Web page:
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Ending the Hedge Fund Loophole

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How bad is the federal tax code? One loophole has gotten much deserved attention. Under current law, hedge fund managers classify their bonuses as capital gains and pay only taxes only at a 15 percent rate instead of the current highest personal income tax rate of 35 percent. (Yes, the bonuses are large enough to ensure that the managers are paying the highest rate.) Mind you, the bonuses are not a reward for their capital but for their work.
How much would be saved by closing this loophole? $20 billion over ten years. In fact, if you only closed the loophole for the top 25 hedge fund managers, would raise $4 billion in new revenue, the same amount of taxes collected from 441,000 middle class families.
$20 billion will not close the federal budget gap. But, it is shocking and worse than shocking - and immoral - to maintain such incongruous loopholes while gutting programs that help the poor.
(h/t Center for American Progress)

Mitch McConnell's Casuistry: & That's a Compliment

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Yesterday, Senate Minority Leader Mitch McConnell of Kentucky came up with a way to avoid the prospective government default should Congress and the White House prove unable to achieve a grand bargain on the budget. His proposal was immediately attacked by some fellow conservatives and this opens what is easily the most interesting divide within today’s Republican Party between the economic ideologues and big business Republicans.

Cong. Ryan on Catholic Social Teaching

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Congressman Paul Ryan, House Budget Chairman, has a post up at Our Sunday Visitor in which he explains how he understands Catholic social teaching and its applicability to the budget he has proposed.

He neglects to mention that the USCCB, which knows rather a lot about social programs, how they work, and whom they help, disagree with his proposed cuts.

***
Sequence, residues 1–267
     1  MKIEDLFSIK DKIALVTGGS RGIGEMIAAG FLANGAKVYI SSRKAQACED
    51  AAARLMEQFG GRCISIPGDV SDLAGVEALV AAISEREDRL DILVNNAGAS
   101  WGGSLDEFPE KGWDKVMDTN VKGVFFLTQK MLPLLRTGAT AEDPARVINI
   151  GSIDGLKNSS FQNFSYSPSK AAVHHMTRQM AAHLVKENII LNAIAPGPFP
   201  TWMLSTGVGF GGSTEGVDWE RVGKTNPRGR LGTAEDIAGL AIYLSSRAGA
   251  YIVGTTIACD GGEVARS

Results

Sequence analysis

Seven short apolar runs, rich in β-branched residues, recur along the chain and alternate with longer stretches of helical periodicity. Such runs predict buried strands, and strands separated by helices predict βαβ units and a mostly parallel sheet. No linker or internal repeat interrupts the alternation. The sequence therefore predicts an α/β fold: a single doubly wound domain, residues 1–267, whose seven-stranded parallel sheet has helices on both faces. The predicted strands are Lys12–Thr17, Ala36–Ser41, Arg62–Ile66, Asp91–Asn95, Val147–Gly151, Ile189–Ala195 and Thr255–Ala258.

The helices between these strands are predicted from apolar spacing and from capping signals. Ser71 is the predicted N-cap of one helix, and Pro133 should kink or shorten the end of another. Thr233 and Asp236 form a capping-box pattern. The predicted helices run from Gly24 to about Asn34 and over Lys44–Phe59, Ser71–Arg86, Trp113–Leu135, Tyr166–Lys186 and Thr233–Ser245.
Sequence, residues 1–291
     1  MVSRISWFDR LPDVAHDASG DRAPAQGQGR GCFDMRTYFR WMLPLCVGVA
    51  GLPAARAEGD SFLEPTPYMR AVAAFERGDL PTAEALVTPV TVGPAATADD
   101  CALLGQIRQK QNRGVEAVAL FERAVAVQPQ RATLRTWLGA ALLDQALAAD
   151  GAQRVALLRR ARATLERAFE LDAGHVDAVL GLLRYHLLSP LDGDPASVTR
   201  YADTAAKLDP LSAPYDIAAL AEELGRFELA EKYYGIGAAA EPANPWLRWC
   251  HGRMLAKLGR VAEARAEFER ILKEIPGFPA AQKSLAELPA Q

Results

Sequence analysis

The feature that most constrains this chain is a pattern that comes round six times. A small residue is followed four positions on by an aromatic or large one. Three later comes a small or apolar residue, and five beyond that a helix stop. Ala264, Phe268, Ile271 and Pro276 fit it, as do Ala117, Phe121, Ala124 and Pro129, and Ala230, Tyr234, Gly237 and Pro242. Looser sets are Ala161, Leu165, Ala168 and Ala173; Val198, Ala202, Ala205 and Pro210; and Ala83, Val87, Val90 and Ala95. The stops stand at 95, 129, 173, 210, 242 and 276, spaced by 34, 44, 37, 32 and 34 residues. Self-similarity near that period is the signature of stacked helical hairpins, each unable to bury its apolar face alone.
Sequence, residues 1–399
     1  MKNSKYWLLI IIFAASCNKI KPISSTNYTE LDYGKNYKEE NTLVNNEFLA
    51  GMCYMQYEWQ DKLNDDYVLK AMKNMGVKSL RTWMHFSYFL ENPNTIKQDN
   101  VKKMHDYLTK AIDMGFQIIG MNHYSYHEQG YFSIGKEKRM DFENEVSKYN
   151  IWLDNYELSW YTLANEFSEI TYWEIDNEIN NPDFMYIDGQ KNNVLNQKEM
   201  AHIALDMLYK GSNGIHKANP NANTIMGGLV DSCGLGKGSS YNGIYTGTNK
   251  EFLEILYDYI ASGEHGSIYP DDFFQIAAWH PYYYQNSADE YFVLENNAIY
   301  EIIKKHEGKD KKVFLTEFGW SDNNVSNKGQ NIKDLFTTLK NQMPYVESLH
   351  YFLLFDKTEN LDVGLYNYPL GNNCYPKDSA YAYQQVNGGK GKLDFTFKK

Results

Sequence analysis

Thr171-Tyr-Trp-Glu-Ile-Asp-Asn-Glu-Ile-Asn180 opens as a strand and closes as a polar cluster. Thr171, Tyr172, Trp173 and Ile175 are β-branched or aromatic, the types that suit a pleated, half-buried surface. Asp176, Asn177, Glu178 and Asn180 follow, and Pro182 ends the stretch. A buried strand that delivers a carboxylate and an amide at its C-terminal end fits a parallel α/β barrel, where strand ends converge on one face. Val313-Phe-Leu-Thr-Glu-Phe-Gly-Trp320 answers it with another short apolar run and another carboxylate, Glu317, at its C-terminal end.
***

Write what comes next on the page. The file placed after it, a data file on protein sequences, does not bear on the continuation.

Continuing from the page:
Still, Ryan gets points for trying.

I just wish he would read a bit more deeply in the writings of another Ryan, Msgr. John A. Ryan, who is sort of the father of Catholic social teaching in the U.S.

Ryan, the Monsignor, understood the need for government to assist those who have been marginalized by our incredibly dynamic society. He also recognized that unrestrained capitalism was a great danger to the stability of society, which is why he advocated for the very programs that Ryan, the Congressman, is aiming to gut.

GOP Orthodoxy & Idolatry

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In yesterday’s New Republic, Ed Kilgore gave a brief overview of the ways that social conservatives, especially white evangelicals, have joined forces with secular conservatives to support their no-tax agenda. Kilgore’s article is fine so far as it goes and for a fuller explanation of the ways the Christian Right came to baptize laissez-faire economics, you are going to have to buy my biography of Jerry Falwell!

Bachmann - Tax Attorney Indeed

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As part of Michelle Bachmann's effort to present herself as a serious candidate for the presidency, when introducing herself she notes that she was once a tax litigation attorney. The idea is that in her anti-tax crusade, the subject is something she knows about. Visions of her battling the feds to protect average folk from the IRS leap to mind.
Alas, it turns out that, according to the Atlantic, Bachmann did not crusade against the IRS, she worked for the IRS.

I read the article and could not get a singular image out of my mind. When Dorothy and her companions get to Oz and ask to see the Wizard, they are refused until she announces that she is "Dorothy" and she is wearing the ruby slippers and the doorkeeper says, "Ah, well, that's a horse of a different color!"

Defending DREAM ACT

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The Archdioceses of Washington and Baltimore and the Diocese of Wilmington, Delaware, have established a task force to defend Maryland's recently passed DREAM Act. Under the law, children of undocumented immigrants who came to this country as children and who have attended Maryland schools for three years would be able to pay in-state tuition at Maryland's public universities, instead of the much higher out-of-state tuition they would currently have to pay. Opponents of the measure have acquired enough signatures to put the issue to a referendum in 2012. The new Catholic task force aims to educate Catholics and others about the law and to urge support for the measure.

Dahlkemper on the Morality of the Budget

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Kathy Dahlkemper was one of the pro-life Democrats who lost her bid for re-election last year. She has penned an op-ed at The Hill, which talks about the negative consequences for the pro-life cause were the House GOP budget to be adopted. And, in words that resonate with my post this morning about subsidiarity, she writes, "Red flags should go up when an elected official supports cutting or ending a program that guarantees assistance meeting people’s basic needs and offers no evidence or even explanation describing how these needs will be met. Legislators like Congressman Paul Ryan and Speaker Boehner often argue that private charity and philanthropy is all that is required of Christians and faithful citizens. This argument denies the moral imperative in Catholic social teaching to create a just society directed toward the common good."

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